MONTGOMERY, Ala. – Alabama lawmakers late Tuesday gave final passage to a measure placing stricter regulations on clinics that provide abortions.
The state House voted 68-21 to give final passage to the Women's Health and Safety Act. The vote came hours after the state Senate voted 20-10 to approve the bill after amending the measure to require clinics to tell patients what medications they had received.
The votes in the GOP-led legislature, mostly along partly lines, send the measure to Republican Gov. Robert Bentley, who backs the legislation.
Proponents say the regulations will protect women. Opponents say they will make it harder for women to exercise their right to get an abortion.
The bill requires abortion clinics to use doctors who have approval to admit patients to hospitals in the same city. Some clinics now use doctors from other cities that don't have local hospital privileges. A similar law in Mississippi is threatening to close that state's only abortion clinic, which is challenging the law in court.
The bill also sets stricter building requirements, including wider halls and doors and better fire suppression systems. The state Department of Public Health, which regulates Alabama's five abortion clinics, reports that most will not meet the stricter standards.
The bill's sponsor, Republican Rep. Mary Sue McClurkin, said the bill "is trying to make it safer to have abortion" and is not designed to stop the medical procedures in the state.
Sen. Harri Anne Smith, I-Slocomb, said the bill is not about safety, but about setting requirements that doctors can't meet because hospitals won't give them admitting privileges. "You are not telling your constituents the real truth -- that you are trying to close these clinics so there will be no abortions in Alabama," she said.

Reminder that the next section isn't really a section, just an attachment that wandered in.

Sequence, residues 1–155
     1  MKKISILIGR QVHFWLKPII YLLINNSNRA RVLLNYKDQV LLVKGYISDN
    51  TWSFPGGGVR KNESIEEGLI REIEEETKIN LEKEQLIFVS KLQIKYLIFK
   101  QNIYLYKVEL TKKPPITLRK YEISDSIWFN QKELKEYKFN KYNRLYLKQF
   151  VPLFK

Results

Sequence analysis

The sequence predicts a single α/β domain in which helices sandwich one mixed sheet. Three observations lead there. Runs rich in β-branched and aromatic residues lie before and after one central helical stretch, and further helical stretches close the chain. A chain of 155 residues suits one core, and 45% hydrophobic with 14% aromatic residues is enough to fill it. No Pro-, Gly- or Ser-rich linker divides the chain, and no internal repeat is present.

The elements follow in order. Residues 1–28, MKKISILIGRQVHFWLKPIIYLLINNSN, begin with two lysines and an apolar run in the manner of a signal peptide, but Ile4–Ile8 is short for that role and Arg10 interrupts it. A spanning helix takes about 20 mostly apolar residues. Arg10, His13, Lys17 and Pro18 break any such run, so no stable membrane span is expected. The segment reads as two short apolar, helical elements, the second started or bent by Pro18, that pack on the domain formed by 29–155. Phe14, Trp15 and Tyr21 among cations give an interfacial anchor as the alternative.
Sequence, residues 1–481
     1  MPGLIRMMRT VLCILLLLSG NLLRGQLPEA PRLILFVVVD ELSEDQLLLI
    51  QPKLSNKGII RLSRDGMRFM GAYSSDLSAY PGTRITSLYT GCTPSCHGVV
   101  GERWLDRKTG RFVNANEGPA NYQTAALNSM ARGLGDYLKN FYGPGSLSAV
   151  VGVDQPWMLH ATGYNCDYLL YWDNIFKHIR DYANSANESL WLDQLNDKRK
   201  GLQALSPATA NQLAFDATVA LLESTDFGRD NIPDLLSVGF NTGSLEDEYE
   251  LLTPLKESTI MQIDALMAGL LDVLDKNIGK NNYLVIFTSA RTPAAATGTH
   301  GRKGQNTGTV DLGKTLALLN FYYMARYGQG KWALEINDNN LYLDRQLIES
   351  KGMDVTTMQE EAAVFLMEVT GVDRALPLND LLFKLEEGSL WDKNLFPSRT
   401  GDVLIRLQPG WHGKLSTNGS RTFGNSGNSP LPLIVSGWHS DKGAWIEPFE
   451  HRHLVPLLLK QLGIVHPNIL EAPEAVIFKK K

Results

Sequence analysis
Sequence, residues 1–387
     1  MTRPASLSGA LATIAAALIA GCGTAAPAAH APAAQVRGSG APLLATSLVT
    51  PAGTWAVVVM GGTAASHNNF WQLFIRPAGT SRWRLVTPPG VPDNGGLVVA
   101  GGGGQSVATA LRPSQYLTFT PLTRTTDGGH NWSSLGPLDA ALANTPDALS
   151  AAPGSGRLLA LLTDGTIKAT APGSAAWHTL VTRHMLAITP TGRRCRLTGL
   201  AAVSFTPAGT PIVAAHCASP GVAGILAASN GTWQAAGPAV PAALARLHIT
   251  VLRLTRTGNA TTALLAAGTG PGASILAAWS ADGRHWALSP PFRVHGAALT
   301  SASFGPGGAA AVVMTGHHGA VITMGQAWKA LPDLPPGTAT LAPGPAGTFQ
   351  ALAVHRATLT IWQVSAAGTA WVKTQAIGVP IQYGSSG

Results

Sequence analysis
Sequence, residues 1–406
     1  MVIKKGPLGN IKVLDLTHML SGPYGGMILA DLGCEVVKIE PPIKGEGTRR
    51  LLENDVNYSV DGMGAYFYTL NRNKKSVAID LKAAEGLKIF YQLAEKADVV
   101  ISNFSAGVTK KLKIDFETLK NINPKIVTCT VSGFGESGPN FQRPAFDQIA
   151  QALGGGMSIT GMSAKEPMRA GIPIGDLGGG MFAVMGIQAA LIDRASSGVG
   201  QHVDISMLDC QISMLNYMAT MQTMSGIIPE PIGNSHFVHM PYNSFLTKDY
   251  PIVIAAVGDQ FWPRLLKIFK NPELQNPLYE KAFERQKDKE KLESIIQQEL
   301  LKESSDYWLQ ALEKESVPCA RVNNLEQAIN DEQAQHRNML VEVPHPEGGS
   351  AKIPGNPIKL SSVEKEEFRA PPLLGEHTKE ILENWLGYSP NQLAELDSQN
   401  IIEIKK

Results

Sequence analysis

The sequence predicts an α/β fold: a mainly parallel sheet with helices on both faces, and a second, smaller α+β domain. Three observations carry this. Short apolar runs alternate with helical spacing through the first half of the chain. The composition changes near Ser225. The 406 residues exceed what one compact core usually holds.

Democratic Sen. Linda Coleman of Birmingham said Republicans who oppose the role of government in the federal health care overhaul seem fine with government getting involved when women want to decide whether to start a family.
"We want government out of our homes. We want to decide what is best for us," she said.
Under the bill, abortion clinics will be required to ask any girl under age 16 the name and age of the person who got her pregnant. She doesn't have to answer. If she does answer and the father is more than two years older, the clinic must report that to police for investigation of a possible sex crime. If the girl is younger than 14, the clinic must report her name to the state Department of Human Resources for review.
Republican Sen. Scott Beason of Gardendale said that provision is aimed at uncovering cases of sexual abuse of young girls.
The bill passed after about 200 opponents held a rally outside the Statehouse.
The Alabama Center for Health Statistics reports 9,523 abortions were performed in Alabama in 2011 and 171 involved girls under 16.
Alabama is already one of 10 states that prohibit abortions at 20 weeks of pregnancy and later. That law was enacted in 2011